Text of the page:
Kate Starbird is an Associate Professor in the Department of Human Centered Design & Engineering (HCDE) and Director of the Emerging Capacities of Mass Participation (emCOMP) Laboratory. Kate's research is situated within human-computer interaction (HCI) and the emerging field of crisis informatics—the study of the how information-communication technologies (ICTs) are used during crisis events. More specifically, her research examines how people use social media to seek, share, and make sense of information after natural disasters (such as earthquakes and hurricanes) and man-made disasters (such as acts of terrorism and mass shooting events).

Starbird has explored three dimensions of this activity: 1) online organizing, i.e. how people connect and collaborate to help themselves and others in response to crisis events; 2) collective sensemaking and rumoring; and 3) the opportunistic exploitation of these events for the intentional spread of disinformation. This work touches on broader questions about the intersection of technology and society—including the vast potential for online social platforms to empower people to work together to solve problems, as well as salient concerns related to abuse and manipulation of and through these platforms and the consequent erosion of trust in information.

Kate earned her PhD from the University of Colorado at Boulder in Technology, Media and Society (2012) and holds a BS in Computer Science from Stanford University (1997).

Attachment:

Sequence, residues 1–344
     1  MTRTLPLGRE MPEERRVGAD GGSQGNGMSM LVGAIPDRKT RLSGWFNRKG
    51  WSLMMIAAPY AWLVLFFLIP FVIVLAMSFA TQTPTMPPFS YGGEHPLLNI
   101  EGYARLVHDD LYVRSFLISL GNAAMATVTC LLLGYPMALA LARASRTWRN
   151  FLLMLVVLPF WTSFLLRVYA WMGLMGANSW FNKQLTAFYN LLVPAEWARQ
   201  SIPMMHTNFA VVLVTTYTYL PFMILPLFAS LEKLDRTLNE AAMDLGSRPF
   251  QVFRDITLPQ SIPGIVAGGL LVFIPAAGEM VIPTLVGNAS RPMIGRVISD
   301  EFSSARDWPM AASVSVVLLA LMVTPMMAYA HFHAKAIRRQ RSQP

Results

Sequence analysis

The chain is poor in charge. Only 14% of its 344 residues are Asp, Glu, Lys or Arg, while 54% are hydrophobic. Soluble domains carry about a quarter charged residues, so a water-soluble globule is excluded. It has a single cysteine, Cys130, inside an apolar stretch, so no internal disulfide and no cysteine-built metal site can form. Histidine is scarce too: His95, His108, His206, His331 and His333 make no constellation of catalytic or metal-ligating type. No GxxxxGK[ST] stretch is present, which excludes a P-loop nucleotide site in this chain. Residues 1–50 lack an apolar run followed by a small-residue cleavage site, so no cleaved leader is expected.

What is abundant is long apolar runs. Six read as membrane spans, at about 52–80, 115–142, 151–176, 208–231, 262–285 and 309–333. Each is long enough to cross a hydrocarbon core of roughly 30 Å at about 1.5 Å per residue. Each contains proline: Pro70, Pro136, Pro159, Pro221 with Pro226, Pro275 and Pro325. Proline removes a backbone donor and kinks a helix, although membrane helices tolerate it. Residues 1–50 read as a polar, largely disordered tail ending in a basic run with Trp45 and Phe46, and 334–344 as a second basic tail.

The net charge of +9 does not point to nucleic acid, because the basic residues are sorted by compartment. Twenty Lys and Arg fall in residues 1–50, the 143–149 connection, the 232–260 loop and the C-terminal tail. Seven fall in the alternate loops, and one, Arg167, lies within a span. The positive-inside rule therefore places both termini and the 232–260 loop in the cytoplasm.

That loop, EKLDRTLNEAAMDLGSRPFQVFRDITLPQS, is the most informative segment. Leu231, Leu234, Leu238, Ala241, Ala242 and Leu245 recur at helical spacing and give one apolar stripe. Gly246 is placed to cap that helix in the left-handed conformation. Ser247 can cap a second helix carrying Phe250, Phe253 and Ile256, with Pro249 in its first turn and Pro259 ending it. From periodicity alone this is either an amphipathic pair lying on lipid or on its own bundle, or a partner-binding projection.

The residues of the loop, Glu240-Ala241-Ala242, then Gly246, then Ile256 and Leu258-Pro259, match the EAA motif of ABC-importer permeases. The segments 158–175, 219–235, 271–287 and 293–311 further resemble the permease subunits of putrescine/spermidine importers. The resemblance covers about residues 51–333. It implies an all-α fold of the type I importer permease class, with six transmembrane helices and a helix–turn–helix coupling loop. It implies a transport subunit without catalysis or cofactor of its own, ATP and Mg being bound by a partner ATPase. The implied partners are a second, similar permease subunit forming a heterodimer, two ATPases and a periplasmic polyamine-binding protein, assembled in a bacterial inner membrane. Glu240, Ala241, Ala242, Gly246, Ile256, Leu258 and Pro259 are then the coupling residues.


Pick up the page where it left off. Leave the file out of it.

• Ph D, Technology, Media & Society, University of Colorado at Boulder, 2012
  • BA, Computer Science, Stanford University, 1997

Publications and Contributions


  • Coexisting With COVID-19: COVID and the Truth (2020)
    UW Graduate School Public Lectures - Seattle, WA
  • `Automatic Misinformation Detection on Social Media Spaces during Crisis Events (2016)
    2nd Annual International Conference on Computational Social Science - Evanston, Illinois
  • A Network-based Approach to Scoping Rumor Stories in Social Media (2016)
    36th Sunbelt Network Conference (INSNA) - Newport Beach, California
  • Modeling rumor diffusion on social media during crisis events (2016)
    36th Sunbelt Network Conference (INSNA) - Newport Beach, California
  • Did You Hear about the Computer that Can Detect Rumors?: An Algorithmic Approach to Rumor Detection (2015)
    Undergraduate Research Symposium - Seattle, WA USA
  • Expressed Uncertainty and Denials as Signals of Online Rumoring (2015)
    Collective Intelligence Conference - Santa Clara, CA USA
  • What Should Count?: A Quantitative Approach to Scoping Rumors in Social Media (2015)
    Social Media and Society Conference 2015 - Toronto, Ontario, Canada
  • Who can we trust? Technology's impact on democracy
    Town Hall Seattle - Seattle, WA